Russia is willing to help India build "more than" 20 new nuclear power units, Russian President Vladimir Putin said today following talks in Delhi with Indian Prime Minister Narendra Modi.
|Putin and Modi hold a press conference following talks in Delhi (Image: The Kremlin)
A package of intergovernmental and interdepartmental documents was signed on the sidelines of the visit, including on cooperation in the energy, medicine, investment and humanitarian areas.
"We have just signed a document of great significance – the strategic vision for strengthening Indian-Russian cooperation in the peaceful use of nuclear power. It contains plans to build over 20 nuclear power units in India, as well as cooperation in building Russia-designed nuclear power stations in third countries, in the joint extraction of natural uranium, production of nuclear fuel and waste elimination. This will lay the foundation for our long-term mutually beneficial cooperation in the nuclear sector," Putin told reporters following the talks.
"I would like to stress that here we have reached a new level of cooperation. This is not merely trade in goods and services, or even technologies, but the creation of a new industry in India," Putin said.
Modi said that the two countries had set out an "ambitious vision" for nuclear energy during the talks and that the new reactors would be built over the next 20 years.
A transcript of the press conference was published on the Kremlin's website.
The Russian leader also referred to the Kudankulam nuclear power plant. "With Russia’s assistance, the construction of the Kudankulam Nuclear Power Station is proceeding on schedule. The first unit has already been commissioned and soon we are planning to launch the construction of the second unit," he said.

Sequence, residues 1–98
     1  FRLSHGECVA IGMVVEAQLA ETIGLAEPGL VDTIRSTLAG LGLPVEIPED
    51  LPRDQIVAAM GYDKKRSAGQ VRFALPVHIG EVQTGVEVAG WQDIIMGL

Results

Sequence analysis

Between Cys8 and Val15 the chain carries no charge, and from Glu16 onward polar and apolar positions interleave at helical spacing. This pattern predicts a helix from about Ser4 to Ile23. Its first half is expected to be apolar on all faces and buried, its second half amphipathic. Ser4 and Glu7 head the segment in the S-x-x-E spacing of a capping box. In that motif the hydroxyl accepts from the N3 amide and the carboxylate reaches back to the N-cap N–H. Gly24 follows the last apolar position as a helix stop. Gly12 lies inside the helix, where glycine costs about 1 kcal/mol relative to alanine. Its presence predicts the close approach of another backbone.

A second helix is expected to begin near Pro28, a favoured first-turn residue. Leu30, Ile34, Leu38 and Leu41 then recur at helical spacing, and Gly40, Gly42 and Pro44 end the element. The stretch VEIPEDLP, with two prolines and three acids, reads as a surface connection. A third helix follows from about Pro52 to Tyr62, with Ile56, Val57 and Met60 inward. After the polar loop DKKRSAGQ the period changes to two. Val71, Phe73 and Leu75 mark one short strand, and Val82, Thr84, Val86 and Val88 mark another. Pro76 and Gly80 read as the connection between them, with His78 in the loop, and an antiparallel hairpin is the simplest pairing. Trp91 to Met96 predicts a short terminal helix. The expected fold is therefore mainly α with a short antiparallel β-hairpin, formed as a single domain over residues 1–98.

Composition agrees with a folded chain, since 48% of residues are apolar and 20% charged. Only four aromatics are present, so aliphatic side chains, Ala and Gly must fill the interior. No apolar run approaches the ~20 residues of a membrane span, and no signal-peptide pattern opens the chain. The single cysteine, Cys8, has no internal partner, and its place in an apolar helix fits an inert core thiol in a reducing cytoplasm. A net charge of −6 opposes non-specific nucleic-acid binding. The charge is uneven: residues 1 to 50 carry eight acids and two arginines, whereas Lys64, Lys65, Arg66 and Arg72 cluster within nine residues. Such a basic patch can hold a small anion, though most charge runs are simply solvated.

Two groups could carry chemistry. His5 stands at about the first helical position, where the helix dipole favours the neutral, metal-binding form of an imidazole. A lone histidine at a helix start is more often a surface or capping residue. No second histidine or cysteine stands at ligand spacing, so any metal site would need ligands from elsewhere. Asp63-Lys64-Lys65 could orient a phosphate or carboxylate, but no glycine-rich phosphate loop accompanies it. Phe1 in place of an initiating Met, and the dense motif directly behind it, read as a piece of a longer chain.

In a statement, Russian state nuclear corporation Rosatom described the agreement as a "strategic vision to strengthen cooperation in the field of nuclear energy."
The corporation's director general Rosatom, Sergey Kirienko, said that vision is "roadmap for the continuation of construction by Russian specialists units in India". According to him, "the foundation had been laid for at least 12 units are to be put into operation within 20 years."
In a joint statement entitled Druzhba-Dosti: A Vision for Strengthening the Indian-Russian Partnership over the Next Decade, the two leaders said the two countries "view nuclear energy as a clean, reliable and viable source of energy".
"They have a joint vision for cooperation in nuclear energy, aimed at serial construction of nuclear power units, based on Russian design and existing and possible future bilateral agreements. India and Russia will expand their cooperation in science and technology, industry, localization of equipment and spares, uranium mining, fabrication and supply of nuclear fuel, management of spent fuel and in other aspects of the nuclear fuel cycle. Towards this objective, the Indian side agreed to expeditiously identify a second site, in addition to Kudankulam, for the construction of the Russian-designed nuclear power units in India," according to the statement.
"As two states possessing advanced technologies, India and Russia have converging interests in preventing the proliferation of weapons of mass destruction. This is reflected in their participation and positions in international fora such as the Conference on Disarmament, IAEA, Global Initiative to Combat Nuclear Terrorism and stringent national export control measures. The Russian side confirmed its support to India's intention to seek full membership in the Nuclear Suppliers Group and its readiness to facilitate positive decision of the Group on this matter," it said. Russia also supported India's interest in full membership in the MTCR and Wassenaar Arrangement.
Researched and written
by World Nuclear News